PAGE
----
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The ERA, Once more Once

Phyllis Schlafly is back on the scene, telling in The Los Angeles Times the story of her successful 1970s movement against the Equal Rights Amendment, which would have added to the Constitution: “The Equality of rights under the law shall not be denied or abridged by the United States or by any State on account of sex.”

Why tell the story of a thirty-years old rebellion? Because a thirty-years old establishment has reared its head again, sillily advising once more that those words be added to the Constitution. As Ms. Schlafly observes, the amendment—now called the Women’s Equality Amendment—has very little chance of passing, because states have already considered and, on the whole, rejected the thing. The reason is not, of course, misogyny; the law already protects women against subordinative discrimination. Ms. Schlafly writes:

While claiming to benefit women, the ERA would actually have taken away some of women’s rights. We based our arguments on the writings of pro-ERA law professors, among them current Supreme Court Justice Ruth Bader Ginsburg. The amendment would require women to be drafted into military combat any time men were conscripted, abolish the presumption that the husband should support his wife and take away Social Security benefits for wives and widows. It would also give federal courts and the federal government enormous new powers to reinterpret every law that makes a distinction based on gender, such as those related to marriage, divorce and alimony.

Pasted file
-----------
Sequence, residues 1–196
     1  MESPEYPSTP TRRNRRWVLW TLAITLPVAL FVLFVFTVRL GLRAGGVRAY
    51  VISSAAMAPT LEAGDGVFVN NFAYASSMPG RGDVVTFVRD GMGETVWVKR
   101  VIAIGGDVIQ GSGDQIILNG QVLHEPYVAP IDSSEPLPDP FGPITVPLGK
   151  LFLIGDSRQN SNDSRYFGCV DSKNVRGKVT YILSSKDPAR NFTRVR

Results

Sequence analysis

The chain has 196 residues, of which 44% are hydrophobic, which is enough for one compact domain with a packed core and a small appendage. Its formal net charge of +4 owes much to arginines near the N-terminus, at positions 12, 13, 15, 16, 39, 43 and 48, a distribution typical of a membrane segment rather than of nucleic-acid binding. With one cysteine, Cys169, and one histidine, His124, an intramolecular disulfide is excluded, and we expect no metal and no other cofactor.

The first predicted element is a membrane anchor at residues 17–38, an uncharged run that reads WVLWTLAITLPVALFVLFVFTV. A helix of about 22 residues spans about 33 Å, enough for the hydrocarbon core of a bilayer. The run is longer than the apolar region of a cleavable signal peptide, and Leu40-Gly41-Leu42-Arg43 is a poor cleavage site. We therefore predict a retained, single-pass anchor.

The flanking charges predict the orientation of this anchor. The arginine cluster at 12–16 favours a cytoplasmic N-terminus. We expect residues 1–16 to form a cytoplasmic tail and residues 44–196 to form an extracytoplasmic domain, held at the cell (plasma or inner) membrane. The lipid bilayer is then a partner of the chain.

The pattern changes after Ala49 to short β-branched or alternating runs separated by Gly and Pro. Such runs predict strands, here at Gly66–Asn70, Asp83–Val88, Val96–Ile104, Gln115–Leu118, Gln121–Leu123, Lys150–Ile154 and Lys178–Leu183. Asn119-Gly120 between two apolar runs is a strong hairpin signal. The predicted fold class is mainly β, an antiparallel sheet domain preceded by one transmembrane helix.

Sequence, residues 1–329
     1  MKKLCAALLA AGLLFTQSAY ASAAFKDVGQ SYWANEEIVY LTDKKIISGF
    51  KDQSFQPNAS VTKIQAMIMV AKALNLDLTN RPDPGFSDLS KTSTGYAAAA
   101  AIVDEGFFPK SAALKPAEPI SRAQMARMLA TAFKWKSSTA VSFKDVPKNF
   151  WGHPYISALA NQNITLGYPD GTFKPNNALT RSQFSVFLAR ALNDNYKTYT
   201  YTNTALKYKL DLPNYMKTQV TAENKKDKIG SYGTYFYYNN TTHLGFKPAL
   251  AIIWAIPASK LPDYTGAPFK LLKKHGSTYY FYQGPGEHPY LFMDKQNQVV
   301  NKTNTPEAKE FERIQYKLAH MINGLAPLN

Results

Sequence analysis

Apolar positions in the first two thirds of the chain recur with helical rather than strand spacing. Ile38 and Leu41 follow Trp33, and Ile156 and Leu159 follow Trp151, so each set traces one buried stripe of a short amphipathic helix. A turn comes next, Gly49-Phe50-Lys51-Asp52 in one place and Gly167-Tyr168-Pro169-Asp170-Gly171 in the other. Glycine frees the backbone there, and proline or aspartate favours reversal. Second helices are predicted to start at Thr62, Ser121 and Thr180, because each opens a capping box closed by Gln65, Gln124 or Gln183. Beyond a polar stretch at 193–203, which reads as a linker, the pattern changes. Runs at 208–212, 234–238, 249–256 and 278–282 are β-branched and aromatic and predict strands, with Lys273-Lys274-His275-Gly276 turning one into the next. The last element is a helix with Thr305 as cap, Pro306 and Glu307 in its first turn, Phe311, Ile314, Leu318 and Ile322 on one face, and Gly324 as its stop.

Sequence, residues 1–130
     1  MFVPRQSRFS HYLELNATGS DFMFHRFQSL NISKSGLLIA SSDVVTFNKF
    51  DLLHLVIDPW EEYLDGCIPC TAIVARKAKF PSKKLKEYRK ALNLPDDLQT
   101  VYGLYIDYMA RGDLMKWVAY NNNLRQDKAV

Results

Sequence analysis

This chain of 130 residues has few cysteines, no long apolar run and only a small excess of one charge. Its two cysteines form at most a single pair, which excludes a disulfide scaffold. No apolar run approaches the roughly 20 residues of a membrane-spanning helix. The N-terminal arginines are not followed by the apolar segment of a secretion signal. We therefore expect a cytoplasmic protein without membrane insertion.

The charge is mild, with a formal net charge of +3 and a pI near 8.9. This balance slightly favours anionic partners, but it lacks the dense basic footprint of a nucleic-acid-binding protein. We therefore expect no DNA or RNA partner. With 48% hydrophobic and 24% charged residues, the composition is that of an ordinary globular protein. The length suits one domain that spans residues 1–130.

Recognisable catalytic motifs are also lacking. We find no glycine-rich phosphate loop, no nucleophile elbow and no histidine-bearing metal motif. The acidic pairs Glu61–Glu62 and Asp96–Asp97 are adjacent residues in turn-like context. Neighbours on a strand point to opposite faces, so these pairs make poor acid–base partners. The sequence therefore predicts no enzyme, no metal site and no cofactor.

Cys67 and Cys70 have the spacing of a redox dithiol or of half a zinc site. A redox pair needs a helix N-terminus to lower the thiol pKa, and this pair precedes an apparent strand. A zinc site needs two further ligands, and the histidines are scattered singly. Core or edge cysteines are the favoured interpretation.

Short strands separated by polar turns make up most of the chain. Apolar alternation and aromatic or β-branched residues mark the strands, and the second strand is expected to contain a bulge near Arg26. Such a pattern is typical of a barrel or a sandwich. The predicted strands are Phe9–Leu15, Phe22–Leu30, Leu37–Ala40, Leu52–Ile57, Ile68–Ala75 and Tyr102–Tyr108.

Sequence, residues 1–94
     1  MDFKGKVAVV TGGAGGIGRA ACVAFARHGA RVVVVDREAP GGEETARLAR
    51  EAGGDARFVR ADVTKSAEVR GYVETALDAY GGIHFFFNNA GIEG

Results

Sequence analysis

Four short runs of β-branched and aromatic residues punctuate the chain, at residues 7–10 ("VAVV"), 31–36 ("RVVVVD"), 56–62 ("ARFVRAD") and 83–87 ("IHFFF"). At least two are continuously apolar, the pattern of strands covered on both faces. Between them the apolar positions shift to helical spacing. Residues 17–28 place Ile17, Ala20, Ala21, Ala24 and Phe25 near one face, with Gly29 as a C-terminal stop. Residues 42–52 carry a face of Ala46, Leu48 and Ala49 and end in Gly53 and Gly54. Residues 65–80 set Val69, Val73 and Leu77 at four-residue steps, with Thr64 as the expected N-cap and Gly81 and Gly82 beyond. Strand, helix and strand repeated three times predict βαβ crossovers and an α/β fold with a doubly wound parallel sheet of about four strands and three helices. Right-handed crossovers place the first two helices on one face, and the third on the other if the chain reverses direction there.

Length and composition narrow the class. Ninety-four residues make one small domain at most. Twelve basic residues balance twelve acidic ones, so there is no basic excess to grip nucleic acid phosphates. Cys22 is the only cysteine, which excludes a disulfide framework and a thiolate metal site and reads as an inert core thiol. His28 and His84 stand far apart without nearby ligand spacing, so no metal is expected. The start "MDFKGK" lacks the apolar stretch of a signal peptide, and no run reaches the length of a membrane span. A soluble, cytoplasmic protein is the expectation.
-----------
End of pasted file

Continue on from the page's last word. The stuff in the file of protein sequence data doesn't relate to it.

And law professor Ilya Somin, who supports the proposal, argues:
If enacted today, the ERA would have a number of effects that many political liberals will deplore, including abolishing affirmative action for women and cutting back on key aspects of Title IX. It might also have some results that they would approve of, such as potentially undercutting bans on same-sex marriage. To my mind, the effects that liberals dislike are more likely to arise - at least in the short term - than those they will applaud. Affirmative action for women and Title IX gender balancing have considerably weaker political support than the restriction of marriage to opposite sex couples, and are therefore more likely to be struck down by politically savvy judges interpreting the ERA.
I would also be surprised if such things as Dartmouth’s Women in Science Program (which, if I understand correctly, receives federal monies) survived the Women’s Equality Amendment.


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